I spent Thursday morning at the offices of two new Members of Congress, Rashida Tlaib of Michigan and Ilhan Omar of Minnesota. The scenes at both were delightful.
Throngs of Palestinian Americans jammed into Tlaib’s offices, spilling out into the hall.
It was much the same at Omar’s, but there the crowds were largely Somali Americans and Yemeni Americans.
Many had travelled hundreds, even thousands, of miles to witness history being made.
Palestinians, Somalis and Yemenis are among the most beleaguered communities in America. Many are the descendants of those who came as economic or political refugees from deeply troubled regions plagued by war and hardship.
Once in the US they were disproportionately hounded by law enforcement, spied upon, profiled and victimised by discrimination.
Nevertheless, all of these immigrant communities have worked hard to make their way in the US. Many Palestinians, Somalis and Yemenis began at the bottom rung of the economic ladder and, within less than a generation, began to climb upward.
Forty years ago, Yemenis were labourers and farmworkers. Today they count among their ranks thousands of successful small businessmen, with their children having become lawyers, doctors and engineers.
Palestinians, who have been there longer, have a similar story to tell.
The children of Palestinian grocers, with whom I worked 40 years ago, are now successful entrepreneurs or college educated professionals.
Somalis, the newest of the groups with most of their community having arrived in the last three decades, are already on the same path of upward mobility. They are starting small businesses and seeing their children fulfil the hopes that drew them to start a new life in America.
Congresswoman Tlaib is the daughter of Palestinian immigrants and has a grandmother still living in the West Bank.
Always proud of her Palestinian heritage, she made a point of wearing traditional Palestinian clothing to her swearing-in ceremony.
The impact of her decision was amazing.
Many of the Palestinian women who came to her office wore the same and men sported keffiyehs.
#Tweetyourthobe trended on Twitter, as Palestinian American women proudly displayed their cultural heritage.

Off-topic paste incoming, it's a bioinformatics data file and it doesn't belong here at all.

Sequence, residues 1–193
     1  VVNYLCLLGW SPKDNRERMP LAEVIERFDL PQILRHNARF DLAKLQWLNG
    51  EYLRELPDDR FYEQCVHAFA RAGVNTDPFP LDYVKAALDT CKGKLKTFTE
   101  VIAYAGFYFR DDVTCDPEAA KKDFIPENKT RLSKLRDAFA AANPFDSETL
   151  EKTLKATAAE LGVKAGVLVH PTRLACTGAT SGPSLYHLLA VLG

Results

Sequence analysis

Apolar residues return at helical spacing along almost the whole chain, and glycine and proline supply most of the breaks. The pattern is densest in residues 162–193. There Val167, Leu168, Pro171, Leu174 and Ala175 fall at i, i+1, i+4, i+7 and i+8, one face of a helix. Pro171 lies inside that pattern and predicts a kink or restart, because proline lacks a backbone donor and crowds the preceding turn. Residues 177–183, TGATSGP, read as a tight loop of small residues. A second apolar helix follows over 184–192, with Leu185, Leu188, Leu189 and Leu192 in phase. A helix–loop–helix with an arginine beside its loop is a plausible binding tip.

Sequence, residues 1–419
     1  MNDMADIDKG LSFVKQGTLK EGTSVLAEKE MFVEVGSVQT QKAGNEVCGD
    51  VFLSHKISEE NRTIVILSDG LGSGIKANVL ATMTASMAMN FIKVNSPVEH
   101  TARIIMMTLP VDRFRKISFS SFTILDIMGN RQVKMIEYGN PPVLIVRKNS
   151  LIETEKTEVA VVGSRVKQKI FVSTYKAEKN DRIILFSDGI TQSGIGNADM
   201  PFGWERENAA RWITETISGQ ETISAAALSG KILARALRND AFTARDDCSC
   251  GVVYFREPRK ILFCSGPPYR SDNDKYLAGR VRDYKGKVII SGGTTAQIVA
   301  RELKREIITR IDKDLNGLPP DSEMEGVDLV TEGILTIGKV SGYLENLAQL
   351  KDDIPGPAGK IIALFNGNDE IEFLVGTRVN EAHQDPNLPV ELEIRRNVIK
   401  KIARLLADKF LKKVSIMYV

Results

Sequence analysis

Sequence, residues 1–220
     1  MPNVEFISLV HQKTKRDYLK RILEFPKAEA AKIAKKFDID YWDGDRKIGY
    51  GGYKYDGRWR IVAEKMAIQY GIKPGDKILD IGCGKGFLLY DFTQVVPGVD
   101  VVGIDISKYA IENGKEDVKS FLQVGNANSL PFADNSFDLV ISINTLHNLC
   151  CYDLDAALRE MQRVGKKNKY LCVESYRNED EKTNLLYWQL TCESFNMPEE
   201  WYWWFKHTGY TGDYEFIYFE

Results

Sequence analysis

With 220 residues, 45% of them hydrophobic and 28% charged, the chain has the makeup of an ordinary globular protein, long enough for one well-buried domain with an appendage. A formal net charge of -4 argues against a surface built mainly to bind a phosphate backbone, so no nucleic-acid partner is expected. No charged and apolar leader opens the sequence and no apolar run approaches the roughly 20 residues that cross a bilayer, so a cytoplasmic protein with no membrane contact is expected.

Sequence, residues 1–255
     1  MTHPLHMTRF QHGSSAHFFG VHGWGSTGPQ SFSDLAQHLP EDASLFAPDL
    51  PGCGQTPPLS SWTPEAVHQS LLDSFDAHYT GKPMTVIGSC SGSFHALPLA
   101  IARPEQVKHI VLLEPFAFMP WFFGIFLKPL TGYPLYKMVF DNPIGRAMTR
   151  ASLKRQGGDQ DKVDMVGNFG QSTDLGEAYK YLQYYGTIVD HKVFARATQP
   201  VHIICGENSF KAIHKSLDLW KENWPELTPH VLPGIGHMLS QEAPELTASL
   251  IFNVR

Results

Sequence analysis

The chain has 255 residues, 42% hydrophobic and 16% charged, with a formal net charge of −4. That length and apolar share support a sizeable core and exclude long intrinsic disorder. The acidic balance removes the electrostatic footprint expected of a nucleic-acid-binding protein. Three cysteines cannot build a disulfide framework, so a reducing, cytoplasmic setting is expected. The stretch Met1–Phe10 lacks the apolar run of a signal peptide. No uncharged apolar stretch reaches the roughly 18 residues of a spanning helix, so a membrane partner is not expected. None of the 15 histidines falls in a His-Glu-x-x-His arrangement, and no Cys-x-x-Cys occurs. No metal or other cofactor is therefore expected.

Congresswoman Omar’s story is a fascinating and important American tale. She was born in Somalia. Her father is Somali, but her mother Yemeni. At age nine, she and her father became refugees and she moved to the US when she was 12. It’s worth noting that Omar, who wears a hijab, has already made one change.
In deference to her, a rule in place since 1837 banning any head attire on the floor of Congress was scrapped. I was struck by comments of the Palestinians, Somalis and Yemenis who filled the offices of the new congresswomen. “This means everything to us,” said one woman. “It means that we can get into politics and make it to the highest level.”
I couldn’t help but think of the larger message that was unfolding. Somalis and Yemenis face a discriminatory policy banning their entry into the US, affecting their families and reflecting general hostility to refugees and immigrants from the Middle East.
Palestinians face hostility from an Administration and a Congress that not only refuses to recognise the rights and humanity of their people, but have taken punitive measures against them.
Add to this the nativism, xenophobia and Islamophobia fuelled by the president.
In spite of all this, two women who embody the endangered ideals of America will now be serving in Congress. More than that, they are progressive champions committed to fighting to raise the minimum wage, ensure universal healthcare and college education, as well as environmental and economic justice.
Both are savvy legislators who understand their roles and they will make a mark in Congress. It was a historic day of firsts: the first Muslim women, the first immigrant, the first African and the first Palestinian American woman took their oath of office.
For three communities, it was a day when the promise of America became real.